World UFO Day is July 2, and whether or not you think we can find extraterrestrial visitors in the night sky, this is a great excuse to go out and look at the stars. While you're out there, you can use any of the 5 applications we've listed below to better understand what you're seeing and where to direct your head or telescope to get a really fantastic view.
Astronomy is a great pastime, especially on warm summer nights, when you can stay outside longer. So, whether you are looking for a constellation in the sky or something to tell the UFO National Reporting Center, these applications can tell you if you have identified what you are seeing before, and a little more about it.
The applications below are to learn about space and find the things you want to see in the sky. After downloading, head outside and let any of these applications guide your gaze. This is an excellent way to appreciate astronomy and the universe we are all part of.
1. Sky guide
Currently, the Sky Guide is exclusive to Apple devices and allows you to point your phone at the sky and see exactly what is on it. Following the view of your camera, Sky Guide automatically adjusts to your viewing direction and identifies stars, planets, constellations and satellites that are currently on you, whether they are visible to the naked eye or with a telescope.
The Sky Guide graphics track the shapes of the constellations for you, and with a catalog of 2.5 million stars, you'll never miss anything while you're looking at the stars. If you wish, you can activate a filter that allows you to make an X-ray of the sky to see the invisible wonders of the galaxy.
In addition, you can activate the red night mode. This will help you preserve your sight adapted to the darkness while you are out at night.
2. Sky View
For more observation of stars in augmented reality (AR) during UFO hunting or telescope time, check out Sky View. It is a free application that, like Sky Guide, allows you to point to the sky that is above you and tells you exactly what is there.
Some celestial objects you can see only with your eyes, such as constellations and planets, but you can also use the application to find out where to point a telescope or powerful binoculars to see things that are a little smaller or dimmer.
3. NASA application
With less AR and more educational, the NASA application has a huge number of photos, videos and articles about space and NASA projects, all directly from NASA.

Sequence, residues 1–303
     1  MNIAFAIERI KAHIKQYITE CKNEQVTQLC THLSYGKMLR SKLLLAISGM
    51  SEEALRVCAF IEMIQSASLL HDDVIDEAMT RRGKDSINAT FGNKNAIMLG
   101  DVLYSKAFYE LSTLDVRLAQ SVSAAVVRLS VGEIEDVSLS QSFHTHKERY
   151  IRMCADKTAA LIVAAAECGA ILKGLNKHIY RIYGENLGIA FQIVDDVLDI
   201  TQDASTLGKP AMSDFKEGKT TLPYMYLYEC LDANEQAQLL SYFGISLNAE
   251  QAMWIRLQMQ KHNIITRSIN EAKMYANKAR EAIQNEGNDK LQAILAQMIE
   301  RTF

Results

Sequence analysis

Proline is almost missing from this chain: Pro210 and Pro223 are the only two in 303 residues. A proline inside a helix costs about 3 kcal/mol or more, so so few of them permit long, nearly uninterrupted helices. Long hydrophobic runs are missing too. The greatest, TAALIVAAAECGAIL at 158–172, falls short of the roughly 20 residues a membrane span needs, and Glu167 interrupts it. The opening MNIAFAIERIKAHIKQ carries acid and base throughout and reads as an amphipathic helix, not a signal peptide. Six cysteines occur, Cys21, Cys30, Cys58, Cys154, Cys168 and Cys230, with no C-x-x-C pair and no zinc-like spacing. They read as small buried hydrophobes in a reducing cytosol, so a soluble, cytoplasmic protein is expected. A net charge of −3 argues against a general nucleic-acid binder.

The application acts as a type encyclopedia, which allows you to find content about astronomy and the known universe, in addition to NASA's current and future missions. Use the application to see what astronomical events are occurring, man-made or otherwise, and use it as a reference point for any questions related to space that arise while observing the stars.
4. Star Tracker
Back to the world of AR astronomy applications, Star Tracker is another free (with optional purchases in the application for larger catalogs) that you can use to identify celestial objects about you, wherever you are thanks to the offline data.
See the sun, the moon, the planets, 88 constellations and more than 8,000 stars visible to the naked eye, plus 6 famous deep-sky objects and a 3D compass to track where you are looking and where you should look to see objects in real life.
5. Satellite AR
If you think you have a good knowledge of the location of the constellations and the planets (which maybe you have obtained from the frequent use of any of the previous applications), and what you really want is an application that identifies satellites and other devices created by the man. Structures in space, Satellite AR are the application for you!
Satellite AR can tell you which satellites are on you at this time, night or day, and can tell you where particular satellites are when you search or select them from the built-in list.
Satellites that are visible to the naked eye on a clear night have a yellow color in the application, so you can be sure to look for them at a certain time. If you know other celestial objects well, Satellite AR is ideal for quickly identifying strange light sources that you would not otherwise recognize. Thus, it’s a perfect companion for World UFO Day.
By: Preeti Narula
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